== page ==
Further, the Complainant claims that the Respondent has no rights or legitimate interests in respect of the disputed domain name because he has not used the disputed domain name in connection with a bona fide offering of goods and services, is not known under the disputed domain name or any name that is similar to the disputed domain name, tarnishes the Trademark and the Respondent’s use of the disputed domain name does not constitute a legitimate noncommercial or fair use.
The Complainant asserts that the Trademark is extremely well known, particularly in the area of fashion and clothing. Given the distinctiveness of the Trademark and its reputation, the Complainant claims that the Respondent has registered the disputed domain name with full knowledge of the Trademark. The Complainant points out that this is even more evident considering that the Trademark is depicted in the website of the Respondent in a way that is very similar to the layout chosen by the Complainant for its Trademarks. Moreover, the Respondent is using the disputed domain name for selling clothing and accessories over the internet, which is the same as the business of the Complainant. The average consumer may indeed think that the goods offered by the Respondent are actually goods produced and manufactured by the Complainant. The Complainant has not purchased any item from the Respondent’s website and cannot tell if the goods offered by the Respondent are original or fake, but the Complainant found that the Respondent registered two other domain names that he uses for offering for sale goods of famous brands. According to the Complainant this is a clear hint that the Respondent picked up famous trademarks adding to them descriptive elements (such as “clothing”, “bags” and “wallet”) with the purpose of attracting, for commercial gain, internet users to his websites. Consequently, the Complainant considers it is clear that the disputed domain name was registered and is being used in bad faith.
The Respondent did not reply to the Complainant’s contentions.
6. Discussion and Findings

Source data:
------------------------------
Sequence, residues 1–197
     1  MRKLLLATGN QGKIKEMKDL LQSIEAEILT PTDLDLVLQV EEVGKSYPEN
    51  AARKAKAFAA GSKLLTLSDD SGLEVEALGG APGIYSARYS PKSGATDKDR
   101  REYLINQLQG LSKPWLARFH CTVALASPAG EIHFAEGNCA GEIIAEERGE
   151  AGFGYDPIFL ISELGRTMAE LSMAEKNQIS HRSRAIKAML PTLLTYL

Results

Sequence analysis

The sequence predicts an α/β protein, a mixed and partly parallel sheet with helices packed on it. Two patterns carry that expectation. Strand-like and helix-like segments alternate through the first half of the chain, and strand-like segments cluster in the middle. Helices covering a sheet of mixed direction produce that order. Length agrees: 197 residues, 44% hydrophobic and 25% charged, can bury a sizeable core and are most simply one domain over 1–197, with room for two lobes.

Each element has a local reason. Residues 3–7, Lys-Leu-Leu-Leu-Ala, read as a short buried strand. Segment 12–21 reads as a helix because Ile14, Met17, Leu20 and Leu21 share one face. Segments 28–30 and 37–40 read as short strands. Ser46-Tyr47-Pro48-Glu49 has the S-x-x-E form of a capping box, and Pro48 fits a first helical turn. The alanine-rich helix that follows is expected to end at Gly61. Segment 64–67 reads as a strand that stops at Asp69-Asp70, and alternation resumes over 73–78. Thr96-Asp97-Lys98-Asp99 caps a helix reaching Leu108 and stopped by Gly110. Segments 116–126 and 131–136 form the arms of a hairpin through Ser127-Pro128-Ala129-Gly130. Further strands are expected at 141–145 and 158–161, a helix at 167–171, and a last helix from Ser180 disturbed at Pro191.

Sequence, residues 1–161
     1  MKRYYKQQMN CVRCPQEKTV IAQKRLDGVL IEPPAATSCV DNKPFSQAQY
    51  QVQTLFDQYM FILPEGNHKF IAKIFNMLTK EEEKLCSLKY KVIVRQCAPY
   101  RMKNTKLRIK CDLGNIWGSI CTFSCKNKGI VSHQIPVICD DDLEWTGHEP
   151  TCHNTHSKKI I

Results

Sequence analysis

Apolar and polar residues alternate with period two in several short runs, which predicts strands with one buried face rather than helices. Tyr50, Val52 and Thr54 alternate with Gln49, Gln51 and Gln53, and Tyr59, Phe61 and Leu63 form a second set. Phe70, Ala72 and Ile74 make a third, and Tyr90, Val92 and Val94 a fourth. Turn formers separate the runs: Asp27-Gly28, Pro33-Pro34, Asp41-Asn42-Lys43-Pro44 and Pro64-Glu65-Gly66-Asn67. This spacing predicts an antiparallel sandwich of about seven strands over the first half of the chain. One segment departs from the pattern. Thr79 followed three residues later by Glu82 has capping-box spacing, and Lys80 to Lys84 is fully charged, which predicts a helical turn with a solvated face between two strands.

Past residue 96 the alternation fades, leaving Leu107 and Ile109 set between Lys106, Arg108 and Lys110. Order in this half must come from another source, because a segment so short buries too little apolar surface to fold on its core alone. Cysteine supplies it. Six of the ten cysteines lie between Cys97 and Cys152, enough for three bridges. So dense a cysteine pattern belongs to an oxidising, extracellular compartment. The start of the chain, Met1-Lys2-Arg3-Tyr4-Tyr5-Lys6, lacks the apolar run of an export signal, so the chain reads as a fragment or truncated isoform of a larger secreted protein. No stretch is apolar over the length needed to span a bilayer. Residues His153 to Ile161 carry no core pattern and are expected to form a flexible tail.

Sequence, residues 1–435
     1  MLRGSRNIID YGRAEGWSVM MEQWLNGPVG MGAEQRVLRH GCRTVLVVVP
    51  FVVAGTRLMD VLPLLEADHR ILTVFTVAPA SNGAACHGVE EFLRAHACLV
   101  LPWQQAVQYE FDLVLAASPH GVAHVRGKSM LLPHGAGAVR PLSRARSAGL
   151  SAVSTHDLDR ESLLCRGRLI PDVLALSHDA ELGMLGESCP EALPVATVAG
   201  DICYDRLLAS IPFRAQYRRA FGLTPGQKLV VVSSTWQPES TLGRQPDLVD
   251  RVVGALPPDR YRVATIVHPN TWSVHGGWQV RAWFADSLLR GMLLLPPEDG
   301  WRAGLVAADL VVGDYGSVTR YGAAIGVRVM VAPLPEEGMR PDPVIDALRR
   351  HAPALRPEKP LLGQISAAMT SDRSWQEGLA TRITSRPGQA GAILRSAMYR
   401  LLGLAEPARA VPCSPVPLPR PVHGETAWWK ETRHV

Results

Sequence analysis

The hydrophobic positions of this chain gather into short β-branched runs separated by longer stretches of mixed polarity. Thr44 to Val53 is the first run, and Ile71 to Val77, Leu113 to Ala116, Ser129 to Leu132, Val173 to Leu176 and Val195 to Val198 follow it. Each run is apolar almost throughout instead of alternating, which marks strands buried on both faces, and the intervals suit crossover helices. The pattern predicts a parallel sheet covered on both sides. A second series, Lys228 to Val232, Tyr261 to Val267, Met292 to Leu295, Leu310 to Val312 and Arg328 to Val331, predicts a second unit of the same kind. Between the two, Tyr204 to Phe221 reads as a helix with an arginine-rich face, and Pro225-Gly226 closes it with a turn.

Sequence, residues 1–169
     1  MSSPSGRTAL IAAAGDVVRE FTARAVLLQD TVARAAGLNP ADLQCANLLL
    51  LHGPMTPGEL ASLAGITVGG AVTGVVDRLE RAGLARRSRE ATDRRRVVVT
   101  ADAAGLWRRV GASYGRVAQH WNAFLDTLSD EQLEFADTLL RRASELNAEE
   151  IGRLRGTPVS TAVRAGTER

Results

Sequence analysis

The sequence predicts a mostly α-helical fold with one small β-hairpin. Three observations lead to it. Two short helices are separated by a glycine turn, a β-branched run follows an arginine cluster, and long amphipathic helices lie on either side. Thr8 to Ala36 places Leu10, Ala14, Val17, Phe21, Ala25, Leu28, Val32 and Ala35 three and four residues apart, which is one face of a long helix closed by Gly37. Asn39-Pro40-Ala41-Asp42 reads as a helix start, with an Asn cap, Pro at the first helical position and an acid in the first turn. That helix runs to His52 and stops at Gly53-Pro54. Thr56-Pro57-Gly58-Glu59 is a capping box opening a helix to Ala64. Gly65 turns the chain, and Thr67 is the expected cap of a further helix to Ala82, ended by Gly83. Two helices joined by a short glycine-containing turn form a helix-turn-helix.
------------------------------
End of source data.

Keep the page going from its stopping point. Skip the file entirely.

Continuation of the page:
The Respondent did not file a response. However, as set out in paragraph 4.3 of the WIPO Overview of WIPO Panel Views on Selected UDRP Questions, Third Edition (“WIPO Jurisprudential Overview 3.0”), the Respondent’s default does not automatically result in a decision in favor of the Complainant. The Complainant must still establish each of the three elements required by paragraph 4(a) of the Policy. Although the Panel may draw appropriate inferences from the Respondent’s default, paragraph 4 of the Policy requires the Complainant to support its assertions with actual evidence in order to succeed in these proceedings. Paragraph 14(b) of the Rules provides that, in the absence of exceptional circumstances, the Panel shall draw such inferences as it considers appropriate from a failure of a party to comply with a provision or requirement of the Rules. The Panel finds that in this case there are no such exceptional circumstances.
Under the Policy, the Complainant must prove that:
- the disputed domain name is identical or confusingly similar to a trademark or service mark in which the Complainant has rights; and
- the Respondent has no rights or legitimate interests in respect of the disputed domain name; and
- the disputed domain name has been registered and is being used in bad faith.
A. Identical or Confusingly Similar
It is well established that the gTLD “.com”, may typically be disregarded in the assessment under paragraph 4(a)(i) of the Policy.